1. Most important thing I can offer you for advice is not to add new fish directly to your main tank. That is an invitation for these kinds of problems. You have a hospital tank, please use it as quarantine anytime you purchase a new fish. Every new fish should spend at least 2 - 4 wks in quarantine, longer if there are any signs/symptoms of illness. To not quarantine new fish means you are allowing the new ones to bring illness/disease to your other fish which not only causes them problems and suffering, but can make things much more expensive for you and also can make it harder to treat the fish successfully.
2. Tank temp needs to be maintained in a higher range for all of the fish you are keeping. 73 degrees is much too cold for most tropical fish. Slowly raise your water temp (in both tanks) to 76 - 78 degrees, but no more than 1 - 2 degrees over a 24 hr period, so this will take a couple of days. That is where temp should be maintained all the time. 76 is minimum for most cory cats and 78 should be considered maximum for healthy danios.
3. What is the "other bug mix" that you mention feeding the fish? There is no reason to be feeding "bug mixes" to these species of fish. Bug mixes can introduce disease/illness for fish that cannot tolerate a heavy protein diet, and depending on what is in the bug mixes, some of it may not be appropriate for your fish. I see no reason why your fish can't thrive on the combination of flakes, granules, and pellets only. I'm going to suggest you stop using the blood worms and bug mixes for food options.
4. Do you have a filter that can hold carbon? I notice there is a trace of ammonia showing up in your tank water. Carbon in the filter would be a quick and safe way to remove that and keep it under control.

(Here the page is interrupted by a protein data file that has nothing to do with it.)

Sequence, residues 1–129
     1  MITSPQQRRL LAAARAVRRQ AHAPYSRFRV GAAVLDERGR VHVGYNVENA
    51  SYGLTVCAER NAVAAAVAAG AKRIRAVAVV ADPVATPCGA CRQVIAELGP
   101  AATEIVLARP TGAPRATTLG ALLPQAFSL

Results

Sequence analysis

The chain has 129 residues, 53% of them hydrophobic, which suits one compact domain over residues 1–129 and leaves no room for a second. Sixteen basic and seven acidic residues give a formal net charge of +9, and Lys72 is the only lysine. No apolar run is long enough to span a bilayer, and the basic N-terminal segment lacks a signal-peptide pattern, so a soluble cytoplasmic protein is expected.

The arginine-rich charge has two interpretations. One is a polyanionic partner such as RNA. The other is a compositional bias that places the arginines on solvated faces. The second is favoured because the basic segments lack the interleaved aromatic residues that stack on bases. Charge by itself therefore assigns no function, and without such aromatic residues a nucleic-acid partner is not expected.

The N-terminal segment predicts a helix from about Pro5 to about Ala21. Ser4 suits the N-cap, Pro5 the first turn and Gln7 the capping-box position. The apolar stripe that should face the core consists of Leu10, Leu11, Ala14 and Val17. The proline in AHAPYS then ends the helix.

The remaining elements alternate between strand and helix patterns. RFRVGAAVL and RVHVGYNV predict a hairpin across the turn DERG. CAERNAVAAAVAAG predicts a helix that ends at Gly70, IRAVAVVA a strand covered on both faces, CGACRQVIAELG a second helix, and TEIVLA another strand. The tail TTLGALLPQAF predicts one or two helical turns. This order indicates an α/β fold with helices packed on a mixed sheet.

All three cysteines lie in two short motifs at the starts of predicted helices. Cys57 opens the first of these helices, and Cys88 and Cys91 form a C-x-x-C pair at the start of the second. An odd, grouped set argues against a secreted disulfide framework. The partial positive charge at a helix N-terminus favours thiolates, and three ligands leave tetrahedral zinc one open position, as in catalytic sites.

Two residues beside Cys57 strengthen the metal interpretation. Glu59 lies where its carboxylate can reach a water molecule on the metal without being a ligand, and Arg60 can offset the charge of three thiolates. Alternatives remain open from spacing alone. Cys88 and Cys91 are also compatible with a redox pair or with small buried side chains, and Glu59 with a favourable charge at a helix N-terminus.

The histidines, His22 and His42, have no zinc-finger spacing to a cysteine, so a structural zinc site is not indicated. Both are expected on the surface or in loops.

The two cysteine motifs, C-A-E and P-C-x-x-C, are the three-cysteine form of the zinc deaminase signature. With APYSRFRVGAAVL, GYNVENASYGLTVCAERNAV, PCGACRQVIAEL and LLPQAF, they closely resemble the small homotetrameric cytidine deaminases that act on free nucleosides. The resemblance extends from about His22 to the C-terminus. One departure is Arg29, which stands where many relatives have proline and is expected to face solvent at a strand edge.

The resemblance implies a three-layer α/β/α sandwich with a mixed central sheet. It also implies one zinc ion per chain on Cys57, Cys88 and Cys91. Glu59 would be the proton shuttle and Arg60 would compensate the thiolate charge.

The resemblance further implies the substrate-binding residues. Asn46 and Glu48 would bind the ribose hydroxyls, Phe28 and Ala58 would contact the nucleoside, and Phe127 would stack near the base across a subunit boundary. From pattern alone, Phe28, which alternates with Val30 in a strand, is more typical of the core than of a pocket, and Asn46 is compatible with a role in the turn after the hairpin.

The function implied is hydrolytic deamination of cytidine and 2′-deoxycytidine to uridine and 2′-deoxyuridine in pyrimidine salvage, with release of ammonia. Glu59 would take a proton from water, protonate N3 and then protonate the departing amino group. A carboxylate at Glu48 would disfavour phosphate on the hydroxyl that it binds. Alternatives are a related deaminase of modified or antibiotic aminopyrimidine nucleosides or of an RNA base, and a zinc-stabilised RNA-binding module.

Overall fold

Make the changes I suggested for the temp change and feedings and carbon and let me know if the fish appears any better after 48 hrs please. If the condition worsens before then please let me know that right away. I would like to wait until ammonia and nitrite are both reading 0 before offering you a medication treatment plan. It's not safe to medicate with even trace amounts of ammonia or nitrite showing up.
I will track this thread and follow your updates closely and when I see it is safe to medicate I will suggest a treatment for you. Also you are going to need to watch the other fish in the main tank for any of the same symptoms. If this is protozoan related, which I suspect, that means all of your fish have been exposed and any of the others have a chance of being infected. The next 48 hrs should lend some insight there and let us know if we need to treat just the one fish or the entire main tank.
Can you also tell me if you have any meds left over from the last time this happened when you treated Lorna?
Thank you so much for your reply.
1. I will remember to quarantine my new fish from now on. Lorraine (the sick fish) is the new fish that came to our house/tank about 3 months ago. Although I don't think I could have seen anything wrong within 4 weeks' quarantine as the problem is coming out now 3 months later. In any case, I will quarantine them from now on.
2. I will immediately start warming up the tanks very slowly. I will double check the temperature with a second thermometer first as the tank thermometer usually shows about half a degree wrong too little.
3. The bug mix is a dried food in a tub called Sera FD mixpur and it contains freeze-dried bloodworms, tubifex, Artemia brine shrimp and daphnia. Can the dried bug mix introduce disease/illness for fish as well? On the package it says it's meant for all aquarium fish. So I will stop using frozen foods completely, but what about this above bug mix?
4. My filter cannot hold carbon, but this is no problem. We have carbon in separate bags that used to go in an old filter of mine. I have kept the carbon bags exactly for this reason. I will hang a carbon bag in both tanks immediately.
I will monitor what happens with these changes and will let you know right away if things go worse.
Last time I medicated Lorna with metronidazole tablets crushed and dissolved in frozen blood worm and a bit of water. I still have lots of these left to medicate again.
Thank you again. Your advice is made of gold and of course love for fish.